Janey Way Memories #154 Thursday Mornings at La Bou
I retired from service with the State of California in 2002 after nearly 31 years on the job. I was just 55 years old.
I hadn’t planned on retiring that early, but after having cardiac bypass surgery in September of the previous year, I decided it was time to call it quits.
So here I was, still a pretty young man, with no job, and nothing in particular to do. I had to fill up my calendar. That proved easier than I thought.
First, I joined a retired men’s club, the Sons in Retirement, Branch 117. I played golf every Monday morning with that group.
Then, I started spending more time with friends and family. In that regard, my mom encouraged me to join her and her Ya Ya sisters (my aunts and their friends) on Thursday mornings at Muffin’s Etc. on 57th and H Street.
To tell you the truth, I was a little uncomfortable with that. These ladies were all about 30 years older than me. I asked myself, “Was I ready for this?”
However, finally I made myself go and it has proven to be a long-lasting and worthwhile endeavor.
I can’t tell you how much fun and how enlightening this union has been. These ladies have lived long and rich lives. They have wonderful stories to tell. They grew up in the Great Depression and survived World War II. They witnessed the first American astronauts landing on the moon. And, they are just a whole lot of fun to be around.
Take my aunt Alice Goldie, for example. She graduated from Sacramento High School, like just about everyone in that era, and then enrolled at U.C. Berkeley where she earned her degree in primary education. After college she married, had three children and went on to have a fulfilling career as a teacher.
In addition to her academic excellence, Aunt Alice was a great athlete. Fernando Marsala a well- respected Sacramento contractor once told me that “your aunt Allie was the best athlete at Fruitridge Elementary School.” In fact, she has garnered many athletic awards in her life, including gold medals at the U. S. Senior Olympics. We have spent many hours at our Thursday coffee cloches talking about her academic and athletic accomplishments.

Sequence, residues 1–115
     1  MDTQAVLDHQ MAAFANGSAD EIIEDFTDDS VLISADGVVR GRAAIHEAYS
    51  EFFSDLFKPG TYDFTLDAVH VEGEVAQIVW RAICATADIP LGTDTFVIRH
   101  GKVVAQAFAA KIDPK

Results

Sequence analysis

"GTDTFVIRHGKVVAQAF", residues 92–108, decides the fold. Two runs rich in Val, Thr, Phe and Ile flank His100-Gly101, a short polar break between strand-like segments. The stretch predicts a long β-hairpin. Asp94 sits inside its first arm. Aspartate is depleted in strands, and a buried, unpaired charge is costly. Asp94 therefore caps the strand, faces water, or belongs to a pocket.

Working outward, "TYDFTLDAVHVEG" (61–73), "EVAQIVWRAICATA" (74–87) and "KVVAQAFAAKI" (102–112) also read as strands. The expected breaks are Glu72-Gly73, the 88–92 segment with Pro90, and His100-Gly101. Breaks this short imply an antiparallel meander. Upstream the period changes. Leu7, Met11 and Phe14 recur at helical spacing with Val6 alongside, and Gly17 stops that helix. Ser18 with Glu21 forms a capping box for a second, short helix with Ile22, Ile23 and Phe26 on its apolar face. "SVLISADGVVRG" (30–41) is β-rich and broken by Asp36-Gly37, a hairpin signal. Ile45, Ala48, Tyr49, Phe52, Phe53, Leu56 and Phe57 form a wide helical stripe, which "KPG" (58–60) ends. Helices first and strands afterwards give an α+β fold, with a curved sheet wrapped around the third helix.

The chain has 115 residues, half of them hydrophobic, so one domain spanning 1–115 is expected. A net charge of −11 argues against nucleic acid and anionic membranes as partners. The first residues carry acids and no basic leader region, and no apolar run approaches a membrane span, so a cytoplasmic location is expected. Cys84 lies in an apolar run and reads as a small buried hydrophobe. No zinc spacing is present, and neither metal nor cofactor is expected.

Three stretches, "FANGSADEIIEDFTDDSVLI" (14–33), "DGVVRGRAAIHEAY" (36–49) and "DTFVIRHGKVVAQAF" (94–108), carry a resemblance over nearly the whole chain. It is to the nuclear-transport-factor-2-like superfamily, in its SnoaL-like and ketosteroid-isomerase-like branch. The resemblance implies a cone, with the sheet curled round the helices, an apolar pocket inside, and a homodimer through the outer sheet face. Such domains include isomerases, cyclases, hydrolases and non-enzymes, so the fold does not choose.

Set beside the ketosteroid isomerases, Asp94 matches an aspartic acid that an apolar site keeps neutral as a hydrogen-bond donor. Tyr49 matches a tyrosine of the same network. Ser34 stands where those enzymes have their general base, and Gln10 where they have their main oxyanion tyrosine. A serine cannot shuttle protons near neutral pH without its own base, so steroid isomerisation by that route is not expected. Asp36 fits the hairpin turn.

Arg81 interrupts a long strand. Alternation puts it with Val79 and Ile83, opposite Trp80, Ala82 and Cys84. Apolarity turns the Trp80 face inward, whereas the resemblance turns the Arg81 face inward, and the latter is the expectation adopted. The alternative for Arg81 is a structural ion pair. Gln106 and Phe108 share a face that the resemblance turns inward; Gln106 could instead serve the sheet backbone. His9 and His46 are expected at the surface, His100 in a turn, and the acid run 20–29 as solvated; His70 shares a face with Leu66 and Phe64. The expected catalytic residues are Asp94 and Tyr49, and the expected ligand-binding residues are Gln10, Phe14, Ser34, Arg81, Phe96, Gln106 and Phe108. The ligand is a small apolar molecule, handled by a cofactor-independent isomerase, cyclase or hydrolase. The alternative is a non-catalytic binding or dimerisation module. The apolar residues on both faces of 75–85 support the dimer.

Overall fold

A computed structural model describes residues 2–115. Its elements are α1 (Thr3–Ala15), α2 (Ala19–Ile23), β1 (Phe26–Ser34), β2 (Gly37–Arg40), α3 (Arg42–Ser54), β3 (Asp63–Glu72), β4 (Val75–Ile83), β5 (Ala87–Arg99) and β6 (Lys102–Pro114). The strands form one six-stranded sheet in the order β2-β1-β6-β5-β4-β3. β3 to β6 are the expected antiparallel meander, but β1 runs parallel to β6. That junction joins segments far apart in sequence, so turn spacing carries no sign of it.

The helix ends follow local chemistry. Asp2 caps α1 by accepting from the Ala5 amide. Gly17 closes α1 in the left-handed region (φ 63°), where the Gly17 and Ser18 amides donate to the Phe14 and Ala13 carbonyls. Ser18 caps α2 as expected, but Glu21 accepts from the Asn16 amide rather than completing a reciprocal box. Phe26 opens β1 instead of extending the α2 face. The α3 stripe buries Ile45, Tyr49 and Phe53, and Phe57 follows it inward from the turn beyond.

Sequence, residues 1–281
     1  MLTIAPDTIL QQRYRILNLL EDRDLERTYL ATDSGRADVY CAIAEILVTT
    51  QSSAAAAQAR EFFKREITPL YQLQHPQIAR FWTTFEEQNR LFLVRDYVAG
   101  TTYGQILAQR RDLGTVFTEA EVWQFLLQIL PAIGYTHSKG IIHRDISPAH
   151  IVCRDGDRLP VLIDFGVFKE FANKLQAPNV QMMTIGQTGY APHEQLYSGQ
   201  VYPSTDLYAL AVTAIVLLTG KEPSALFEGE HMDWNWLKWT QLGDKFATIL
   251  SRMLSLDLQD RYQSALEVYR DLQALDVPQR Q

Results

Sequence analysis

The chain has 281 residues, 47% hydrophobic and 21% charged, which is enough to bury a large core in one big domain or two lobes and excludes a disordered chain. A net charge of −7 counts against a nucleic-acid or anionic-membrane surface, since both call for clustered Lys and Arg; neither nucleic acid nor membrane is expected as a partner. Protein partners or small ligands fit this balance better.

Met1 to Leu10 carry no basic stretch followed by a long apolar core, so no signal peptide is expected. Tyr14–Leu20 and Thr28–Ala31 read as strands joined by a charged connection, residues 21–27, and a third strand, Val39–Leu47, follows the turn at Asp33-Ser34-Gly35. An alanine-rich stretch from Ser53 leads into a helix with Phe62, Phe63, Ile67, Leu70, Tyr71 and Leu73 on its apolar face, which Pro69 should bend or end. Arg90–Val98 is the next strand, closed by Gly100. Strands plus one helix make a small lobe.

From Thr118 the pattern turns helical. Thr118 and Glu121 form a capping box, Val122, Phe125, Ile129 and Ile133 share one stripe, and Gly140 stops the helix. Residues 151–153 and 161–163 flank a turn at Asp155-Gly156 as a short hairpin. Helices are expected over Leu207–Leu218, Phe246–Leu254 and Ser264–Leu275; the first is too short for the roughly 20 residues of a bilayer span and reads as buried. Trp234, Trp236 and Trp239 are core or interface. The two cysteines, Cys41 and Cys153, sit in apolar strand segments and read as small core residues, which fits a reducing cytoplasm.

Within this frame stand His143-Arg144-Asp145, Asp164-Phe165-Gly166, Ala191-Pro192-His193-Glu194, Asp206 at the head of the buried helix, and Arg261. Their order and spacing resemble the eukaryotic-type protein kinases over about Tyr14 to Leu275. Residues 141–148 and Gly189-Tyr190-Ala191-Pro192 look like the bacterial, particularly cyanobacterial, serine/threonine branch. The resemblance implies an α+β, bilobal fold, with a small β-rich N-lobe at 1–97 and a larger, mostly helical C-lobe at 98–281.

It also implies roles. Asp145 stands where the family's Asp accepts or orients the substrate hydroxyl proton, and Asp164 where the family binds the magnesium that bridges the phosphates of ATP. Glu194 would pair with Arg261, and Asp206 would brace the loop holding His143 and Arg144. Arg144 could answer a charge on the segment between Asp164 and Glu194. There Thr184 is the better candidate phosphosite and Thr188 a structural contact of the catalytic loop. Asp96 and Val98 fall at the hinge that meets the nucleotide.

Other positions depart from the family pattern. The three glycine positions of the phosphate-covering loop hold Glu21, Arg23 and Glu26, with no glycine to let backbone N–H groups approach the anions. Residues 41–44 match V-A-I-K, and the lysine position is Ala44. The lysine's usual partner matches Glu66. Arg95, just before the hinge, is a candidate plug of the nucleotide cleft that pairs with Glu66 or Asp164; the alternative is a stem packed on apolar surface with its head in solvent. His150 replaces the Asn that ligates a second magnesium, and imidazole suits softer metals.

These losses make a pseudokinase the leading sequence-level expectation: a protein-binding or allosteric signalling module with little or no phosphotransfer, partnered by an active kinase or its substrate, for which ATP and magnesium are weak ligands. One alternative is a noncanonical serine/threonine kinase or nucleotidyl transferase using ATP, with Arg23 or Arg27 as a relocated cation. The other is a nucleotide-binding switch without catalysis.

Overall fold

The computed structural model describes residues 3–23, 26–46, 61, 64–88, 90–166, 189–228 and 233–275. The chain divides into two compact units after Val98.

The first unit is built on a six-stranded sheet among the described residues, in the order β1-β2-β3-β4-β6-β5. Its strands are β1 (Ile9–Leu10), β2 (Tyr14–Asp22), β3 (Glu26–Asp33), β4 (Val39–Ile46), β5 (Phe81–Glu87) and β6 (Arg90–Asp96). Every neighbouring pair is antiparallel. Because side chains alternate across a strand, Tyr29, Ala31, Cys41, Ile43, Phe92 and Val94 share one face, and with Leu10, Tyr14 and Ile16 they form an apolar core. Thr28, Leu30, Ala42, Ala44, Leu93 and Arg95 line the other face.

The fact is that all of my aunts have enriched my life by sharing their experiences with me at these Thursday morning get-togethers.
Aunt Katie, for example, had a career working for the state of California, ultimately landing at the State Library. She told me once that she had a supervisor who was notorious for walking up from behind his female staff and touching them inappropriately. “Back then.” she said, “there wasn’t much you could do.” Aunt Kay is hardly a feminist, but she has often told me, she is very appreciative for what those strong women did for her sex.
My other aunts have all achieved success in their own right as teachers, business women and house wives.
These days we meet at La Bou on Howe Avenue.
Sadly a couple of my aunts have passed away in the interim, and my cousins, Peggy, Bob, Norma, Pam and Alan have joined the group. Now, we are becoming the older generation of our family.
But the time I have spent on Thursday’s at La Bou with my aunts is yet another enriching Janey Way memory.